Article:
Thursday, January 31, 2013

New York Times Hit by Chinese Zombies

My August 1, 2012 story suggesting that the dawning passion of the New York Times for cyber security was still misplaced (read my story here) has just had a postscript. I chided them for buying into the current U.S. mindset that we can play defense only. Hence today's story about their being attacked for the last four months (see their story here) because of an October 25 story exposing the nepotism of China's prme minister Wen Jiabao. Most laughable was the Times assertion:
“Computer security experts found no evidence that sensitive e-mails or files from the reporting of our articles about the Wen family were accessed, downloaded or copied,” said Jill Abramson, executive editor of The Times.
What makes the above laughable is the admission three paragraphs later:
Security experts found evidence that the hackers stole the corporate passwords for every Times employee and used those to gain access to the personal computers of 53 employees, most of them outside The Times’s newsroom. Experts found no evidence that the intruders used the passwords to seek information that was not related to the reporting on the Wen family.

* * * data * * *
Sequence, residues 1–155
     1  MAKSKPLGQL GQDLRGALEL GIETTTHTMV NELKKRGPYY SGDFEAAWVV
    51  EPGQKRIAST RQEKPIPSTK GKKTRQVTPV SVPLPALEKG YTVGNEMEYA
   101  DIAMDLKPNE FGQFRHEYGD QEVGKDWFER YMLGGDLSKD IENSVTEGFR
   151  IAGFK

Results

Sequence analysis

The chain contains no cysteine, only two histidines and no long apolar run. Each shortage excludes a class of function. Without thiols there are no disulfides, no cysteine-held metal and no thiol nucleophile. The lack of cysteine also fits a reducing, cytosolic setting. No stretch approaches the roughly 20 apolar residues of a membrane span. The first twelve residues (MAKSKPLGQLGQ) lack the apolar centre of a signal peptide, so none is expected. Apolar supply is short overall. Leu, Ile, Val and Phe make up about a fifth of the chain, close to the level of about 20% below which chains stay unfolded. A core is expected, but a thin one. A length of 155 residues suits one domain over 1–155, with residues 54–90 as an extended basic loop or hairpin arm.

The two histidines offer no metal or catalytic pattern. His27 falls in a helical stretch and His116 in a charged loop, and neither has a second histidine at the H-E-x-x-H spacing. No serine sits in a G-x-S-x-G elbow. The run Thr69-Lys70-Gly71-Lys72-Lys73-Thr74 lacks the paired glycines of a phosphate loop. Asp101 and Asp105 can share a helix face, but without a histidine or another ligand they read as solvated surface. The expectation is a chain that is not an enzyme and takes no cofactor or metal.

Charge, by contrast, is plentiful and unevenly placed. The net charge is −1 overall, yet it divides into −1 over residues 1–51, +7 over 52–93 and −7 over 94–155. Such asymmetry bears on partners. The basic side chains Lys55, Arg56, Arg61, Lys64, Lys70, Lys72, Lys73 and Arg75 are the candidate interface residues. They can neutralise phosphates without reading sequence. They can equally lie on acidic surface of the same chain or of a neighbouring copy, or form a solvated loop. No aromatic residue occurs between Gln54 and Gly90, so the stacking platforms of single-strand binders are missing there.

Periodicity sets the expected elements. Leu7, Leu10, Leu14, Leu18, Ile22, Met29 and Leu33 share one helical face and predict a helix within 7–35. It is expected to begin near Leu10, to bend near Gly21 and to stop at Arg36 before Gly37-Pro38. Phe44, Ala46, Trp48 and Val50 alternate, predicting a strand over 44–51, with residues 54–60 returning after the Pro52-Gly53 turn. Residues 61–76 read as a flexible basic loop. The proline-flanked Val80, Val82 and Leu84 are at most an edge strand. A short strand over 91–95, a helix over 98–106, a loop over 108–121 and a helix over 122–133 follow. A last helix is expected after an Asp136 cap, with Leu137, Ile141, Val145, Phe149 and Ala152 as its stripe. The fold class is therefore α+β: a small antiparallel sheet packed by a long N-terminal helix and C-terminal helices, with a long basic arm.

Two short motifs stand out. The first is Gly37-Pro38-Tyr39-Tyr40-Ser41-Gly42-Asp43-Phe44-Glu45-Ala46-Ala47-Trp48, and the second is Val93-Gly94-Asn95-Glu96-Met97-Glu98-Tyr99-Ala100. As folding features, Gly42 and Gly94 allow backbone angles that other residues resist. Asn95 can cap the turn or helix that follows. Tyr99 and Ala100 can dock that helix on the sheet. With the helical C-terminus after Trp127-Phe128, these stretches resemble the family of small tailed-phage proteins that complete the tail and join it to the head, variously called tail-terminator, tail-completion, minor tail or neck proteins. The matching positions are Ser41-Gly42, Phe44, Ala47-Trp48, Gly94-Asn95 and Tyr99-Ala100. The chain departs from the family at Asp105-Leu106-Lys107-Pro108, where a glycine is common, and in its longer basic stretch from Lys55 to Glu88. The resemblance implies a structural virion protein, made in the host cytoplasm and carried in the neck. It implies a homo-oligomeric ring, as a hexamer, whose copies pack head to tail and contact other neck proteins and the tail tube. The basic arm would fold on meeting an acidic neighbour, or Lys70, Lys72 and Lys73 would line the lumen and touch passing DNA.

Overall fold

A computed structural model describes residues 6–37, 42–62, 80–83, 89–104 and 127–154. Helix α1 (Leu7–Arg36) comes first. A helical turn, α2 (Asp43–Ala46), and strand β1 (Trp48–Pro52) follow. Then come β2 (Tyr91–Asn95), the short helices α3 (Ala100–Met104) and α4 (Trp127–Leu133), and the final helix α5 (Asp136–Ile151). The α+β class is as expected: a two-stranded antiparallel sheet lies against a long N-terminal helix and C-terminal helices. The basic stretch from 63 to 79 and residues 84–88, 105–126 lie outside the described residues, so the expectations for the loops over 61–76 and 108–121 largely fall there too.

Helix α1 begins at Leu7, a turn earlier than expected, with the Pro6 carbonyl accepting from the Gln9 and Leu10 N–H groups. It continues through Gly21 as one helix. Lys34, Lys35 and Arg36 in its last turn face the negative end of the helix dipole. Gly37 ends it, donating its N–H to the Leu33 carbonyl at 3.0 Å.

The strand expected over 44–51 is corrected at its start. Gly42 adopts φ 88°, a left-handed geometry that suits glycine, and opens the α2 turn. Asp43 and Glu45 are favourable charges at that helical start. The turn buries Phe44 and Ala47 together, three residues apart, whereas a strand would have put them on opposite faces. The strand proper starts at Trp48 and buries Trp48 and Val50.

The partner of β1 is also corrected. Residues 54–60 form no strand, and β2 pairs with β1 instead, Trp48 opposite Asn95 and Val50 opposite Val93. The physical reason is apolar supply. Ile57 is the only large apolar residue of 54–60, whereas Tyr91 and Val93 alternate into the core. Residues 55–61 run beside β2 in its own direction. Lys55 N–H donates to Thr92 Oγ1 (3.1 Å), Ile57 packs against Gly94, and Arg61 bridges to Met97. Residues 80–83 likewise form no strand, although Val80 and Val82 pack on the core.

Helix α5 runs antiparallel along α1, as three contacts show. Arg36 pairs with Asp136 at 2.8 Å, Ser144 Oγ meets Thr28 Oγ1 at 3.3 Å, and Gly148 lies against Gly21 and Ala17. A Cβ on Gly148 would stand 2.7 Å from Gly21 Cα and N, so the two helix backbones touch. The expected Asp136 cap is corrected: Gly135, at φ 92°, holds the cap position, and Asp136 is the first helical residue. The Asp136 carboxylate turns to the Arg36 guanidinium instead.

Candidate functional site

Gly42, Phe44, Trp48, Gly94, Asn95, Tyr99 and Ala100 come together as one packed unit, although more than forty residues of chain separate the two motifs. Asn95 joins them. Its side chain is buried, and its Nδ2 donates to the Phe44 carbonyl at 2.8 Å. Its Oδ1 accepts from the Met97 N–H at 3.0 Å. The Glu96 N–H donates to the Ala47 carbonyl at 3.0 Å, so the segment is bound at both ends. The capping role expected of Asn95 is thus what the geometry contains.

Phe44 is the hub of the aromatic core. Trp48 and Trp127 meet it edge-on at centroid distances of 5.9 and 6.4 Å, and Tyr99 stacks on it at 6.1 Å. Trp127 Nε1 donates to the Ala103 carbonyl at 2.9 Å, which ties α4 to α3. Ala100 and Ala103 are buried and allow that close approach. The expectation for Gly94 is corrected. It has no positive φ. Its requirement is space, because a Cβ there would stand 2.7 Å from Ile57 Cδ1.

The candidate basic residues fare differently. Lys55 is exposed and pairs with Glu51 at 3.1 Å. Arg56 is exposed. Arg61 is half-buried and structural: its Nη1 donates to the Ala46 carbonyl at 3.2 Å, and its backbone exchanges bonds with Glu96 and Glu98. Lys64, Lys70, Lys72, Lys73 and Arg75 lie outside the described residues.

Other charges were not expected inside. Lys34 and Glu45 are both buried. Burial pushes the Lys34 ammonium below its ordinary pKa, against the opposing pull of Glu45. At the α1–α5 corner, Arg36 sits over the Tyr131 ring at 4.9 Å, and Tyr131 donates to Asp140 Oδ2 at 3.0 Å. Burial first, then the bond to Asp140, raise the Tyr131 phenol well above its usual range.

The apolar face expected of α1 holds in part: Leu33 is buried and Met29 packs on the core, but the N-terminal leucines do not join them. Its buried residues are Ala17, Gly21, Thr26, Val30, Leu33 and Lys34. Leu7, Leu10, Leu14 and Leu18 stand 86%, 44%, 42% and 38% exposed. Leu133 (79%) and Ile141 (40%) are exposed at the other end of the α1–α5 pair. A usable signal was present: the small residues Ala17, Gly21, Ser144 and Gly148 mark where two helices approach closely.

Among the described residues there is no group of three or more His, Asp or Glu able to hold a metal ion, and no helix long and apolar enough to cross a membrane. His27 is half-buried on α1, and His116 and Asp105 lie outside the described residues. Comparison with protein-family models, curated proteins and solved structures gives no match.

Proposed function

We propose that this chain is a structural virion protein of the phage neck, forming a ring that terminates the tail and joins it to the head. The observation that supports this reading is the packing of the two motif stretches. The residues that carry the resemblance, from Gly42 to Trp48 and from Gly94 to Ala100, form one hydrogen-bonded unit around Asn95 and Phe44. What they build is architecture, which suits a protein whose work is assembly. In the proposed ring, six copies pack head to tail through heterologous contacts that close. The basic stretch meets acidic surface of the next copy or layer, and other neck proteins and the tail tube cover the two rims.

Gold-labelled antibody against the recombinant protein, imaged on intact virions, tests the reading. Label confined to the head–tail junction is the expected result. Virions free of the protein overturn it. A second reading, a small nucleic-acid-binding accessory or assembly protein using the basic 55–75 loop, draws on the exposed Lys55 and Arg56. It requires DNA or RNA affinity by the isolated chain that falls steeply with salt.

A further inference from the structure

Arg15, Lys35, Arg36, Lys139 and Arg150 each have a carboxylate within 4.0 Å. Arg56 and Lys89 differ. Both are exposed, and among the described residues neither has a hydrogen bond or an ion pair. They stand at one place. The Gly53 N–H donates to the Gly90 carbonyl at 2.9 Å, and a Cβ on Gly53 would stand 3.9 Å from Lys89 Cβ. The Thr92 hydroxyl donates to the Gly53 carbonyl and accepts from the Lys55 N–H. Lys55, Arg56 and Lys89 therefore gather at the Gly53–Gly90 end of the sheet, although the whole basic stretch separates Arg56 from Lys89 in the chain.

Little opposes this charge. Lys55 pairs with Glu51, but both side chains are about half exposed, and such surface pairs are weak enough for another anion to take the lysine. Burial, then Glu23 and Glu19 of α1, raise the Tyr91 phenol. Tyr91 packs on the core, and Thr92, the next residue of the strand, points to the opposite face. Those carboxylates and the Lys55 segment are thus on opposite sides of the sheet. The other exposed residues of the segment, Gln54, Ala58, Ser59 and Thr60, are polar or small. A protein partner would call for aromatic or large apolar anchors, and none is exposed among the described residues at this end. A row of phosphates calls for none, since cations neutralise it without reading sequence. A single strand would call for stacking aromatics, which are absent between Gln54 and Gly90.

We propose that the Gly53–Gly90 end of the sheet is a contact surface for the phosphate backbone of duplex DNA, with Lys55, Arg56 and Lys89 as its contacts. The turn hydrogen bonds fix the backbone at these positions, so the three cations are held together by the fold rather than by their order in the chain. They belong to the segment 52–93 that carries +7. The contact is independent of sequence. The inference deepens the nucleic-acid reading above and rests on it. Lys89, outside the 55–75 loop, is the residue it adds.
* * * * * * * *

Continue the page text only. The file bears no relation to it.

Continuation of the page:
Yeah, right. Much of the story highlights how clever "security experts" and the NYT were in playing defense. The rest of the story outlines other cyberwar exploits. None of the story recognizes the obvious. With due respect, a game plan dedicated 100% to playing defense is flawed on too many levels to enumerate. Too bad "America's newspaper of record" hasn't considered a dialogue about offensive options beyond a bloated federal bureaucracy that can't even secure itself. Too bad we can't publicly debate the merits of unleashing the real creativity and strength of America—licensed and bonded privateers (a la the Revolutionary War) who adhere to the Privateer Code (see—to put a stop to hackers and bad-cyber-citizen governments and their exploits.


No comments:

Post a Comment

Implementation suggestions for THE MORGAN DOCTRINE are most welcome. What are the "Got'chas!"? What questions would some future Cyber Privateering Czar have to answer about this in a Senate confirmation hearing?